Grass Valley cardiologist heading for Indiana |

Grass Valley cardiologist heading for Indiana

Photo for The Union by John Hart
John Hart | The Union

One of Grass Valley’s only cardiologists will be moving out of the area at the end of August.

John Mallery, who has worked in the cardiac community for more than 20 years, will move with wife Robin to Evansville, Ind., where John will work for the U.S. Department of Veterans Affairs and Robin can pursue her passion for nutritional education.

The news of the move struck a chord with Mallery’s employees, longtime friends and patients.

“I am sad for the hospital because we really respect and appreciate all he’s done for the community and hospital,” said Sierra Nevada Memorial Hospital spokeswoman Debbie Plass, who has worked with Mallery for nearly 20 years.

“It’s been teary-eyed and sad to say goodbye to patients. It’s been a privilege to work here.”

— Dr. John Mallery,
Grass Valley cardiologist on move to Indiana

“Both of them have advanced the practice of cardiology in this community,” Plass said.

“Robin professionally has definitely contributed to the hospital, as well as Dr. Mallery, with providing care through the emergency department, and has been more than just available to his patients and to the hospital for consultation,” she said. “They are just the best of the best in terms of their professional and clinical expertise, so that’s definitely a loss for us.”

Regional Cardiology in Sacramento will take over Mallery’s practice; he already refers patients in need of intervention to the specialists there.

Mallery said the transition to Regional Cardiology will be seamless with the same location and services.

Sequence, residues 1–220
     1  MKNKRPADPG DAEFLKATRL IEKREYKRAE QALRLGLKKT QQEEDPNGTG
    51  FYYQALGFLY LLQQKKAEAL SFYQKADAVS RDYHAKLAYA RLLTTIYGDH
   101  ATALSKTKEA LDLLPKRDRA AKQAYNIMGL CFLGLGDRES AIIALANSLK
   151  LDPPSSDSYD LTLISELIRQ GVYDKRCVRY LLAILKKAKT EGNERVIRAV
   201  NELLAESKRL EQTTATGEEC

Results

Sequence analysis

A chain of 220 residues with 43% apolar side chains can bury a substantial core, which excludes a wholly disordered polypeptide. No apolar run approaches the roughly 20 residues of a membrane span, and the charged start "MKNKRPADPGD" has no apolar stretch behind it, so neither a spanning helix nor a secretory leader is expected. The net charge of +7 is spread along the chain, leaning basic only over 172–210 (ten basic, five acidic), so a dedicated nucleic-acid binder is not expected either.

Jim Gilbert, a 12-year patient who had a heart attack in 2004, recalled a time when the avid photographer gave him a special gift.

“My family and I go to Yosemite every Mother’s Day weekend, and because I had atrial flutter, I couldn’t go this year,” he said. “John and Robin usually go, and sometimes we see each other. I got a call from Robin a couple weeks after Mother’s Day to come into the office and I didn’t know what for, but he called me in and had taken a picture with a sunset with golden light of Half Dome. Because we couldn’t go, they wanted to give us a little something from Mother’s Day weekend. We framed it and have it hanging in our house.”

Such artistic contributions were also made to the hospital, Plass said, with some of Mallery’s donated photos on the entry screens for the cancer center and the diagnostic center.

Nurses were heart-wrenched at the news.

“We all love them, and it’s going to be really difficult to see them go,” said echocardiography technician Alice Allfie through tears. “He’s always treated everybody like family, and whenever it was anybody’s birthday that month, we would all go out to lunch.

“He’s just always been a cheerful guy, and you never see him in a bad mood. He’s concerned about providing the best possible care to the patient. It’s not just a business plan. It’s what they believe in.”